Dec 8, 2020 | Faces of FieldCore

“Never turn down an opportunity.”

This advice has served Lucas Brockman well over his last six years with GE and FieldCore. Formerly an automotive mechanic, he began his GE career at the West Chester Tool Center in Ohio in 2014. That’s when Chase Bortone (North America Service Director) and Dan Steingraeber (North America Resource Manager) met him. At the time, Lucas was helping to stock and revamp kits in the Tool Center as an hourly employee. He also supported the implementation of the Maximo inventory system, working with an offshore team and managing training. When meeting Chase and Dan, Lucas expressed interest in eventually becoming a Field Engineer, and both Chase and Dan saw his potential to succeed in an future FE role.

The following year, their discussions came to fruition. As Chase Bortone recalls, “Lucas was interested in the Field Engineer role and is a very smart and mechanically skilled person. His background, work ethic, and willingness to challenge himself made him a perfect fit for the job. He was persistent in his communications and interactions with both Dan and I and he didn’t just talk about it. When the FE opportunity came along, he took it and ran!” In 2015, Lucas left Ohio for Houston – where he trained to become a FE. He loved the project management elements of being an FE, and taking responsibility for a full project. He continued to be challenged by his mentors, Dan and Chase, progressing further in his career path. In 2016, he became a Field Engineer, managing various outages and earning a reputation as an extremely capable project manager. He was selected as a participant of FieldCore’s Project Management Program, where he was directly mentored by extremely experienced FEs and Service Managers.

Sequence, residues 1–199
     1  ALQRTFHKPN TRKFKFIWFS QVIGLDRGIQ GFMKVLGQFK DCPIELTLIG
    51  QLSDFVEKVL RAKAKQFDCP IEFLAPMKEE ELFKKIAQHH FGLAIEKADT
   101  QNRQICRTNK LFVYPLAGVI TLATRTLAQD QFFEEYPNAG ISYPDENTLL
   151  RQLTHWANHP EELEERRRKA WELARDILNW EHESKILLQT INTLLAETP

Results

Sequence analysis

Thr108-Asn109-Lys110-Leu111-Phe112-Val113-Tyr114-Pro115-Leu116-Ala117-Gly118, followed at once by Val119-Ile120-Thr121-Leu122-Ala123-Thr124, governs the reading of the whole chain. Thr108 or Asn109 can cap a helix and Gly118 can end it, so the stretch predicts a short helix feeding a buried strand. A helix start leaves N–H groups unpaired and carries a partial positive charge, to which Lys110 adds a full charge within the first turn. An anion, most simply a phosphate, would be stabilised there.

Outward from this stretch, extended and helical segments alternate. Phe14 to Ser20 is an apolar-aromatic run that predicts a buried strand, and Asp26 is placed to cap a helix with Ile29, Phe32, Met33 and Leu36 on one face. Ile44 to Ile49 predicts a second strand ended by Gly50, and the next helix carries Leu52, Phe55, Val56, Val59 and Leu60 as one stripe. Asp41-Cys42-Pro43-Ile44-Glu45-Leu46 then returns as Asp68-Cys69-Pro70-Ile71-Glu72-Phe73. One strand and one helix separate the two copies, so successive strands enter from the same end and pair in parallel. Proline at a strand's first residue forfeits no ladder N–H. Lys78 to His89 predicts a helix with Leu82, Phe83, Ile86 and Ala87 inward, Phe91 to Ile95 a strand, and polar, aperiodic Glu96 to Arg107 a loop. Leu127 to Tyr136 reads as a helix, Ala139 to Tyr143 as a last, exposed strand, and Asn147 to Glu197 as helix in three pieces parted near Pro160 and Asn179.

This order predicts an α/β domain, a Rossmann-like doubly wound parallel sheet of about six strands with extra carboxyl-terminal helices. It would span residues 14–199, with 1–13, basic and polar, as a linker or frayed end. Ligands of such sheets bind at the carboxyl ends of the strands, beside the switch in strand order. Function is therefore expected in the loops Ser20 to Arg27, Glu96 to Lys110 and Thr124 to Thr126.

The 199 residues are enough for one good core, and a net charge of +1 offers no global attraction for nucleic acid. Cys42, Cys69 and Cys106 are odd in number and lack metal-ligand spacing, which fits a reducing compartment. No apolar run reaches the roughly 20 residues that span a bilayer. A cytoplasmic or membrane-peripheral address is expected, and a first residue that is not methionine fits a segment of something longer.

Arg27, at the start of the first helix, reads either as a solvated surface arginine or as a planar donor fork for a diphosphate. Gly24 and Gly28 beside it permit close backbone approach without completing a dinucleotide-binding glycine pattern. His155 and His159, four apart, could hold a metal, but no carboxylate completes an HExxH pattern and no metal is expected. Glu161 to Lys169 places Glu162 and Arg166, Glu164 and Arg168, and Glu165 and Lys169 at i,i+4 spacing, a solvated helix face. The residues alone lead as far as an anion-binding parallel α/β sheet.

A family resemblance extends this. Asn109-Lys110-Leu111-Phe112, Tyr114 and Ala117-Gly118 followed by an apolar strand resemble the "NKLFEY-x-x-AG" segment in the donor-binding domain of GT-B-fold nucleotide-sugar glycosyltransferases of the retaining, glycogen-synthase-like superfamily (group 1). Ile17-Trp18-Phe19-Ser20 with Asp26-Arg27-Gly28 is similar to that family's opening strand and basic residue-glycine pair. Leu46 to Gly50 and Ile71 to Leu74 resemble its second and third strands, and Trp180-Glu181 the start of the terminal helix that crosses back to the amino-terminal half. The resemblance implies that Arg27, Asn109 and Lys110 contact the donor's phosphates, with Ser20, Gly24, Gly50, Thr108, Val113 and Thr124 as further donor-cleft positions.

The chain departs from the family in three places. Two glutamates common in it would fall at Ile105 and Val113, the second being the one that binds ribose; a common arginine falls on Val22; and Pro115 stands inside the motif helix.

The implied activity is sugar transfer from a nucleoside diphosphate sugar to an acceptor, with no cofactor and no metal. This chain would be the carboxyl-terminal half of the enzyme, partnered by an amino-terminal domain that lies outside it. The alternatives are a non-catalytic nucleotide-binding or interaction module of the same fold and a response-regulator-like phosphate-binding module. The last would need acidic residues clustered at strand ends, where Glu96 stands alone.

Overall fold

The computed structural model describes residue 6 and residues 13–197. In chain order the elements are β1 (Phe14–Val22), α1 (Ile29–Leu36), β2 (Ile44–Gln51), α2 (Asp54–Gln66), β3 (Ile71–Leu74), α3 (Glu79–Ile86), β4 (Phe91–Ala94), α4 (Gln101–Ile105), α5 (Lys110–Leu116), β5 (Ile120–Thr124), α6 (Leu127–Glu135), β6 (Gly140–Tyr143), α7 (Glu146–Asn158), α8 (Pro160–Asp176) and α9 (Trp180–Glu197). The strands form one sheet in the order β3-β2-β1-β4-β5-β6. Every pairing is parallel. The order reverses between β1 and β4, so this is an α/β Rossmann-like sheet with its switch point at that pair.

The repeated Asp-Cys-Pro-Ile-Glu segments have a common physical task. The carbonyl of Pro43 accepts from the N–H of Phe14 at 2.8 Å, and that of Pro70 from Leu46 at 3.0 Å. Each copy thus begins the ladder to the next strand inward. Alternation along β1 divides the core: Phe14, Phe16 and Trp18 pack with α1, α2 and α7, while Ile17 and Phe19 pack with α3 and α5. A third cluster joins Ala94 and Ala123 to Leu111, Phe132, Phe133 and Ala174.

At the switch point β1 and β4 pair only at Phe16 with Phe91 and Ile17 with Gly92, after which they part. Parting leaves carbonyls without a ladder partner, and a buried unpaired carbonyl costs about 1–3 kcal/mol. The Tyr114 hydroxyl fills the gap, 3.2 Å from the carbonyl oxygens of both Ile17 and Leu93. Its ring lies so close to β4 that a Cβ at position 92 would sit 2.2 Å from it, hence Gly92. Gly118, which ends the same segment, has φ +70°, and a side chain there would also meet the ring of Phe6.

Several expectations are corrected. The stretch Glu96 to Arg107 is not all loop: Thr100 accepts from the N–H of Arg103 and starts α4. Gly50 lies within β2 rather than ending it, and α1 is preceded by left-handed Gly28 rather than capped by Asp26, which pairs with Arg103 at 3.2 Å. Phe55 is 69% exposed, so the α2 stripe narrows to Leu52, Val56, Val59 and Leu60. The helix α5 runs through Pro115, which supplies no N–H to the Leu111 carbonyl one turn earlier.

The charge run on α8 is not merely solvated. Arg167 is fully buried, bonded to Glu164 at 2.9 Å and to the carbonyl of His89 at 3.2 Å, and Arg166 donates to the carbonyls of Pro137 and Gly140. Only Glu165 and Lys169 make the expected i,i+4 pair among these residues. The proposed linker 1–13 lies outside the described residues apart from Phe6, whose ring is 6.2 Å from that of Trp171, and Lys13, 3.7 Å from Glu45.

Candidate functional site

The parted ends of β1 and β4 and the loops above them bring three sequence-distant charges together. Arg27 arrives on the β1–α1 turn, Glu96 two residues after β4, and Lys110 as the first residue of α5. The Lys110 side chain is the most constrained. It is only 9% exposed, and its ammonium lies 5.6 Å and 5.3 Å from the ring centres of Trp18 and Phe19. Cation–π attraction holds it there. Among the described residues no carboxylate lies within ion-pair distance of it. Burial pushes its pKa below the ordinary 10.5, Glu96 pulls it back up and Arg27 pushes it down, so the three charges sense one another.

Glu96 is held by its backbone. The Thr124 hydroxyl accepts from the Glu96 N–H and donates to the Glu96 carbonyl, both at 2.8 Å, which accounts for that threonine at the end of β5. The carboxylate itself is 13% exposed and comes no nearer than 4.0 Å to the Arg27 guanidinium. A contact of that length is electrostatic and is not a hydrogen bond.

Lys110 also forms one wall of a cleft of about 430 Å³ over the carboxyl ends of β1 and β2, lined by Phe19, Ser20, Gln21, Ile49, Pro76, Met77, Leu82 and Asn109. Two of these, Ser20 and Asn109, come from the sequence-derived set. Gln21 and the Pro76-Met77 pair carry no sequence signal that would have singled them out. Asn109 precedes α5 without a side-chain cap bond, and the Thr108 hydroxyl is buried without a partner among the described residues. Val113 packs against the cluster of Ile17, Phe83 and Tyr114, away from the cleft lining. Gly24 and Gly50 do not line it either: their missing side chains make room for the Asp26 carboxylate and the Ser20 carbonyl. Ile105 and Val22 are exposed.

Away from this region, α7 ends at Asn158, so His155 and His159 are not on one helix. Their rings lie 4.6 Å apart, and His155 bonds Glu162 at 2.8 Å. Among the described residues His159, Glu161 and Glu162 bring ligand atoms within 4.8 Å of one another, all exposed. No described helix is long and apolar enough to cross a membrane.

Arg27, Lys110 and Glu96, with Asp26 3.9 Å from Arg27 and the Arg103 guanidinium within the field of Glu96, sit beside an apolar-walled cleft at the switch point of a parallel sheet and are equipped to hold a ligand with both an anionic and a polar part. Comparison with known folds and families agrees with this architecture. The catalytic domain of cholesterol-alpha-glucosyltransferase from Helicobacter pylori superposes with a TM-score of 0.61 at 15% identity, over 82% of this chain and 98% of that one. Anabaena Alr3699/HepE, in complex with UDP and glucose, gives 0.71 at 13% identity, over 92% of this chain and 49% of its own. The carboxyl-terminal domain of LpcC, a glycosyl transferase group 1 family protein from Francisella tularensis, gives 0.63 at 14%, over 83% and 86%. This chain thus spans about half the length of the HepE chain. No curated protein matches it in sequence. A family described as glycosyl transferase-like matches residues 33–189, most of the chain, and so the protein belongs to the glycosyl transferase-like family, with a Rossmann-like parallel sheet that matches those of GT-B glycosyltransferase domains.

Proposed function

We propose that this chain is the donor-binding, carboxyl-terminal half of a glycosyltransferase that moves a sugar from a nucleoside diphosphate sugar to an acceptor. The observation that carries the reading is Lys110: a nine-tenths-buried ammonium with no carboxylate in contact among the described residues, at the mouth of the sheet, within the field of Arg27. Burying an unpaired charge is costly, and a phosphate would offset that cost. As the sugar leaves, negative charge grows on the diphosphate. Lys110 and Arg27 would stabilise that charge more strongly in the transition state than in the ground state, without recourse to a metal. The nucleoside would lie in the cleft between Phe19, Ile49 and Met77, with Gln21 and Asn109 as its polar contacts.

Fast forward to 2020 – Lucas was recently promoted to an Outage Manager role in North America. Though he’s no longer an FE, he appreciates that his new role still allows him to maintain the relationships he’s built over the last few years out on sites. These days though, he gets to stay closer to home, enjoying more time with his wife and 4 young children. Looking back at the last few years of his career, he notes a common theme: “Always raise your hand for the hard projects, the projects no one wants to do. Never turn down an opportunity to learn and gain experience doing something not many people know how to do.”

Where is Lucas off to next? He’ll be back on a project soon, using the lessons learned through his career to support his Field Engineer colleagues and deliver successfully for our customers.


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